Barnard was found dead by kakapo rangers on Whenua Hou/Codfish Island at the weekend, when they went looking for him for his annual transmitter change.
Kakapo Recovery programme manager Deidre Vercoe Scott said the team was gutted by Barnard’s death, especially since it appeared to have gone unnoticed for up to three months.
“While it’s true we only sight these birds once a year for health checks and a transmitter change, Kakapo Recovery prides itself on having technology that allows us to monitor our precious population, with minimal interference.
“But that technology is constantly changing to increase the information that we can collect. We may be experiencing some problems with how we interpret these complex transmitter signals accurately, so we will be looking into this closely. While it won’t prevent a kakapo death, identifying a mortality signal as soon as possible means we get better information from the autopsy examination.”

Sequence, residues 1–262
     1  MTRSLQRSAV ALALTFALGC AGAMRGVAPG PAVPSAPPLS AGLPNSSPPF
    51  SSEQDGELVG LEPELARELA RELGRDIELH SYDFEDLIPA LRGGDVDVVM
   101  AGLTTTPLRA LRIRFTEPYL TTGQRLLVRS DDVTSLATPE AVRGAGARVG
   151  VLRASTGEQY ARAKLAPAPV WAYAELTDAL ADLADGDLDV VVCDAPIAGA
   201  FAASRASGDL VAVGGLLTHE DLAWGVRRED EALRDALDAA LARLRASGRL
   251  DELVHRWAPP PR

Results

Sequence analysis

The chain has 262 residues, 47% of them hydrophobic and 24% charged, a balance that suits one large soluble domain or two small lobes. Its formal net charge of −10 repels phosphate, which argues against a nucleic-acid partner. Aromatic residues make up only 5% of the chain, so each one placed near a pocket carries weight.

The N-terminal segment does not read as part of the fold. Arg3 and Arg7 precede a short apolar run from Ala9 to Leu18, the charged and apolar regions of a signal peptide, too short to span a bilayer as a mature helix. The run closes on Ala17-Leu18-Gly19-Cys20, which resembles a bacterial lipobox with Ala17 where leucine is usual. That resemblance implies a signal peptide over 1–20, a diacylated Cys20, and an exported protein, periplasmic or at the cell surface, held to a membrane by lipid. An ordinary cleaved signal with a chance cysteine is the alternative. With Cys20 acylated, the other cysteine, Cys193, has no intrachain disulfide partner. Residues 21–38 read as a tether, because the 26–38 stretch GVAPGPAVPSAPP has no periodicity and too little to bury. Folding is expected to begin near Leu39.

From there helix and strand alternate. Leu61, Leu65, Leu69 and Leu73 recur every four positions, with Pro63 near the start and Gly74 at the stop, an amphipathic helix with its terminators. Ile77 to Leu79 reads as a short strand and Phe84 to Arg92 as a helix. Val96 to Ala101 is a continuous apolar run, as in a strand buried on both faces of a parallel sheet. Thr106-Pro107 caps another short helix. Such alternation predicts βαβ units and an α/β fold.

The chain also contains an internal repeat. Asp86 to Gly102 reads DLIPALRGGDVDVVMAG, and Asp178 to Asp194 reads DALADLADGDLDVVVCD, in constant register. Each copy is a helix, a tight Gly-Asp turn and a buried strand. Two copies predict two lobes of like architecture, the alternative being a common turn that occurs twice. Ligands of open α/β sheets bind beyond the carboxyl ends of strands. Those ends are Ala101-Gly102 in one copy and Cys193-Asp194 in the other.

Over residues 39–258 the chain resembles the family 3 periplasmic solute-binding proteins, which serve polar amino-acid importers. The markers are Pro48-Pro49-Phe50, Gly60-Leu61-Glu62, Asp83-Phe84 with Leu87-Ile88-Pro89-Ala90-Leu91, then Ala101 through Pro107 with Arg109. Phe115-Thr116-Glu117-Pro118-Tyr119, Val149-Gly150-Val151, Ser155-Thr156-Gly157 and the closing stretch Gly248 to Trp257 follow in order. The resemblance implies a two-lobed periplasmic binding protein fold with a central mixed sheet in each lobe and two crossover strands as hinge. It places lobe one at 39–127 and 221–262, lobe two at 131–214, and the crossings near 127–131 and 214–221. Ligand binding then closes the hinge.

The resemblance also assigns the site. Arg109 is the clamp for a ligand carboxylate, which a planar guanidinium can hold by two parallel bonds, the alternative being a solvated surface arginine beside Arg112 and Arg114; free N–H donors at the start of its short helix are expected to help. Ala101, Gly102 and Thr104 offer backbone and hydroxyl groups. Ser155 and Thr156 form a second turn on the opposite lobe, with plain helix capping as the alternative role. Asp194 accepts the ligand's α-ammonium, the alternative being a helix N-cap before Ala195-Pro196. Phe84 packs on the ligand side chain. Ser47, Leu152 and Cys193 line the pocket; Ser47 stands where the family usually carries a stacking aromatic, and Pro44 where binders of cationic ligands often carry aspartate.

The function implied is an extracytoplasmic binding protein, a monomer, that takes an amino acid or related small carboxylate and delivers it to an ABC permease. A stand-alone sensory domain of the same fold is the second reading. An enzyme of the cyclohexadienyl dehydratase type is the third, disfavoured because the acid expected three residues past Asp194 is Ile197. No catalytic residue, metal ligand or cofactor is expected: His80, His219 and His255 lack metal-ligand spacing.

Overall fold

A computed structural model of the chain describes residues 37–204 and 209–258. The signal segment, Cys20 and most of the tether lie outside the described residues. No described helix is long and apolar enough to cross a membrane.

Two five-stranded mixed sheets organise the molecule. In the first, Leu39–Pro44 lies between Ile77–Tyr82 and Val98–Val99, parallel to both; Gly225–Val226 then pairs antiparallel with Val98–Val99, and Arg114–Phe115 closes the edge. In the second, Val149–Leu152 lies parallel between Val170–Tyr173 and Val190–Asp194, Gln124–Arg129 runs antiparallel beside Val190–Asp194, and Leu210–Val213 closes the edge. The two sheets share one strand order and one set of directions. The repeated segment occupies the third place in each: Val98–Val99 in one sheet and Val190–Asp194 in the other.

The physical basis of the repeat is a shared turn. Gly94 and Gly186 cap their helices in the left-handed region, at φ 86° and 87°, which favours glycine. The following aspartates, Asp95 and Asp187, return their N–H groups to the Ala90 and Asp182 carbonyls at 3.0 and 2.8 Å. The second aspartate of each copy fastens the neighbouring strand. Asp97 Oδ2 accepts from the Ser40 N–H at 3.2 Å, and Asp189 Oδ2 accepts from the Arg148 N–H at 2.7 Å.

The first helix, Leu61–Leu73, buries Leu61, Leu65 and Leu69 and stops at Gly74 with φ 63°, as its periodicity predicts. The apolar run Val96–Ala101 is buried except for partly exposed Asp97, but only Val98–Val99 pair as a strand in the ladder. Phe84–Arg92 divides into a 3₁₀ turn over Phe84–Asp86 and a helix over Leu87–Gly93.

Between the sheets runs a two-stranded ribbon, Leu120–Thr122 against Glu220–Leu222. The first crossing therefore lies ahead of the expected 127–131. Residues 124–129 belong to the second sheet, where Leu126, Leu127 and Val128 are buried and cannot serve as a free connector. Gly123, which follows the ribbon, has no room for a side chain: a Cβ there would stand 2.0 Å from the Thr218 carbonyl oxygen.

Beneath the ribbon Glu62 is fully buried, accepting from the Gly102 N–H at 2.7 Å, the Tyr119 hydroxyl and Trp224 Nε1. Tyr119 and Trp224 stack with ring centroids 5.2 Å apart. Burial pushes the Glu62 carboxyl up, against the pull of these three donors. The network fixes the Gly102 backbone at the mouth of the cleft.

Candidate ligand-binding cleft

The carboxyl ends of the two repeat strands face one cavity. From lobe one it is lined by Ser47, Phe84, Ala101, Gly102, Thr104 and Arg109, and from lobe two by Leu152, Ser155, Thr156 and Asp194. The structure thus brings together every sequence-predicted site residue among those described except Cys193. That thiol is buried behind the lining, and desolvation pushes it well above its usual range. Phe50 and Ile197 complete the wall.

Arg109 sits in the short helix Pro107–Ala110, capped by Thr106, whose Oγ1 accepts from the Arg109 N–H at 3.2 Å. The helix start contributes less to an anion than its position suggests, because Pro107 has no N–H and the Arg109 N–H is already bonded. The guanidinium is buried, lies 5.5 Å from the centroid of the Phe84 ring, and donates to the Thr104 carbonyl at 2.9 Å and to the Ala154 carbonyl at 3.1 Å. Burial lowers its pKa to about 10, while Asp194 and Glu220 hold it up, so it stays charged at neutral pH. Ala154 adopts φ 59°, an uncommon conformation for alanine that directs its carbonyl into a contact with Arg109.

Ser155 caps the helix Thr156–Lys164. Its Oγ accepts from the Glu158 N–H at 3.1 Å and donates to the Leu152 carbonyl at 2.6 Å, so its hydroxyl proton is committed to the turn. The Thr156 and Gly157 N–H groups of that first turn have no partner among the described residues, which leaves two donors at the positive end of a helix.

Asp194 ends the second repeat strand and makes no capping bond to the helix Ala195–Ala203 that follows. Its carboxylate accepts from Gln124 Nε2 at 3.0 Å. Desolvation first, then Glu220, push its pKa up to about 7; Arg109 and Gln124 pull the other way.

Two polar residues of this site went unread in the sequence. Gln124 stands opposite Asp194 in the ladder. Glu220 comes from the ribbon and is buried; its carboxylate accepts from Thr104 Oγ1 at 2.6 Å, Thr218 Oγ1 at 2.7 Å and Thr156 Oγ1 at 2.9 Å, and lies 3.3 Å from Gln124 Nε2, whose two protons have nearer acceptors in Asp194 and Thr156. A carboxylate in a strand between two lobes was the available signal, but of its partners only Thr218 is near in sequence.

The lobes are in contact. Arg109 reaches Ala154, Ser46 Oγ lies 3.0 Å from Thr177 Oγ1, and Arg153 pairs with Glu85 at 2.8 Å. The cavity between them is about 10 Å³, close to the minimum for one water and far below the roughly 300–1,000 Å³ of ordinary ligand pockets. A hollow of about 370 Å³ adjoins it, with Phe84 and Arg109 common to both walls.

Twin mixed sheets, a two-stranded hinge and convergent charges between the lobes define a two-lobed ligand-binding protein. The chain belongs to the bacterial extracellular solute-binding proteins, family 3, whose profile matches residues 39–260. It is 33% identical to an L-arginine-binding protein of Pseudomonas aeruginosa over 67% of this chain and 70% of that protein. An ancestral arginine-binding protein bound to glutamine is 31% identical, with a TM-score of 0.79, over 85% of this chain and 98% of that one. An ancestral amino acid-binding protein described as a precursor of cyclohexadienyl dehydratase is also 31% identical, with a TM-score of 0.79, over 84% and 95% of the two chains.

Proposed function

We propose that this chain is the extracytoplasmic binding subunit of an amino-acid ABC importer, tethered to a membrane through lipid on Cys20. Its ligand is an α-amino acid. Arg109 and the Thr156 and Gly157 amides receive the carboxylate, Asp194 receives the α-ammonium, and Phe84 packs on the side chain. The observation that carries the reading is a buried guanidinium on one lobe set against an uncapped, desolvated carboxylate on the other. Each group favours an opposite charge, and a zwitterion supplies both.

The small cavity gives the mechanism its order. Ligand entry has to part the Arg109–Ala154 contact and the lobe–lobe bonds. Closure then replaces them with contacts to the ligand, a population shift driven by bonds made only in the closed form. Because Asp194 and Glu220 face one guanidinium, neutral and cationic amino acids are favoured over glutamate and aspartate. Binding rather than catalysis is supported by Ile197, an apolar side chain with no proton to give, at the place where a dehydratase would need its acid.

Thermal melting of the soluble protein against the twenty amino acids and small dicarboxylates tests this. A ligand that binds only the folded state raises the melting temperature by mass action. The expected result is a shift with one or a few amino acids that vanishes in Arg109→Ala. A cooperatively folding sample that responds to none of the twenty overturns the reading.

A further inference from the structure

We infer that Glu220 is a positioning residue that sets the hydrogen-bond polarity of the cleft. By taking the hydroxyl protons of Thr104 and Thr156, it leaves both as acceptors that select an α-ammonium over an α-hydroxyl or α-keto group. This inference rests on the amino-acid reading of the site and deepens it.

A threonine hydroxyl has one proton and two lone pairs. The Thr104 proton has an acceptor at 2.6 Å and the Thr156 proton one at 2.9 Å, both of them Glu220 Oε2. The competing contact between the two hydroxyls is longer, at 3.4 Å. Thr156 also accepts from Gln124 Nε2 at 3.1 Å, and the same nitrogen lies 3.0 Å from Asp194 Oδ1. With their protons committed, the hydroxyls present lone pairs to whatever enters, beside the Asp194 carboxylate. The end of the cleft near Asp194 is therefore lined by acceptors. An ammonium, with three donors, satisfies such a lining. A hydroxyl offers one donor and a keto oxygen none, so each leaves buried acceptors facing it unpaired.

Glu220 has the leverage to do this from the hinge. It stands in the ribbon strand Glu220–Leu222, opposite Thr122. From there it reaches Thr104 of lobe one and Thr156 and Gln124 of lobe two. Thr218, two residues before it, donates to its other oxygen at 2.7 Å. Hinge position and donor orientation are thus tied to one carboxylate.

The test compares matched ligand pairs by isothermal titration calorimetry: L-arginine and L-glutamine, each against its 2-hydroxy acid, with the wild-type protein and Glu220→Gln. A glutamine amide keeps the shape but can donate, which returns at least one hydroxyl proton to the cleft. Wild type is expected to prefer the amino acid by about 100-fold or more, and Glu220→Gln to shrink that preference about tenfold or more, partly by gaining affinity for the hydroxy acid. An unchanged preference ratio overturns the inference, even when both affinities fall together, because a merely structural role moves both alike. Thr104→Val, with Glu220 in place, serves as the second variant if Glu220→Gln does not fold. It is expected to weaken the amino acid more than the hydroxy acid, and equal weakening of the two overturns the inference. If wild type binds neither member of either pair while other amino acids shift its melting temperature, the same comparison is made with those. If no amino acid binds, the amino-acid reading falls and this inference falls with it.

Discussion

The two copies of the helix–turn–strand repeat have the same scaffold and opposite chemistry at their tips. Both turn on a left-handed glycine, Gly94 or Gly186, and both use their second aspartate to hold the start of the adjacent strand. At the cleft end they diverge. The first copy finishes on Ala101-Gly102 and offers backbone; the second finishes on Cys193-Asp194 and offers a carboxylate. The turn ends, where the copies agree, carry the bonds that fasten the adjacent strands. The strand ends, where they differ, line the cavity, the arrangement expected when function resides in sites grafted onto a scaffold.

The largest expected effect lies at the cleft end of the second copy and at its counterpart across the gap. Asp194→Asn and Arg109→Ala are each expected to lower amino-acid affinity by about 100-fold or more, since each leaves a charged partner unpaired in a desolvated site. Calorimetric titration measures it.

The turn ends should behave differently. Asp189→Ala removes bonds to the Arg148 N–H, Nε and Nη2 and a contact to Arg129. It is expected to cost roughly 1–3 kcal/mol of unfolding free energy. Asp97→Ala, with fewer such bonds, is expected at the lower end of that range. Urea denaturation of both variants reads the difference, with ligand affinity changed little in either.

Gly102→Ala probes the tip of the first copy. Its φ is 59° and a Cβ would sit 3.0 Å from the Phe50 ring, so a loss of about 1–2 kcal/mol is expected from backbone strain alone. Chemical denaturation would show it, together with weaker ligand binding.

Barnard was an unknown-age bird, first discovered on Stewart Island in 1982. He fathered eight chicks, including five of the 11 hatched during the last breeding season in 2011. His death sees the kakapo population reduce to 125.
Ms Vercoe Scott said kakapo deaths were a reminder that, although Kakapo Recovery had achieved much during the past 22 years – increasing the total population from 49 to 131 last year – the kakapo was still a critically endangered species and vulnerable. And, with an ageing population, an increase in mortality was inevitable.
“We can expect to see the population numbers continue to go up and down for several years to come because quite a few of the birds are possibly very old. The good news is more than half the kakapo population consists of young breeding age birds and indications are that there will be a breeding season this summer - planning for that is well underway.”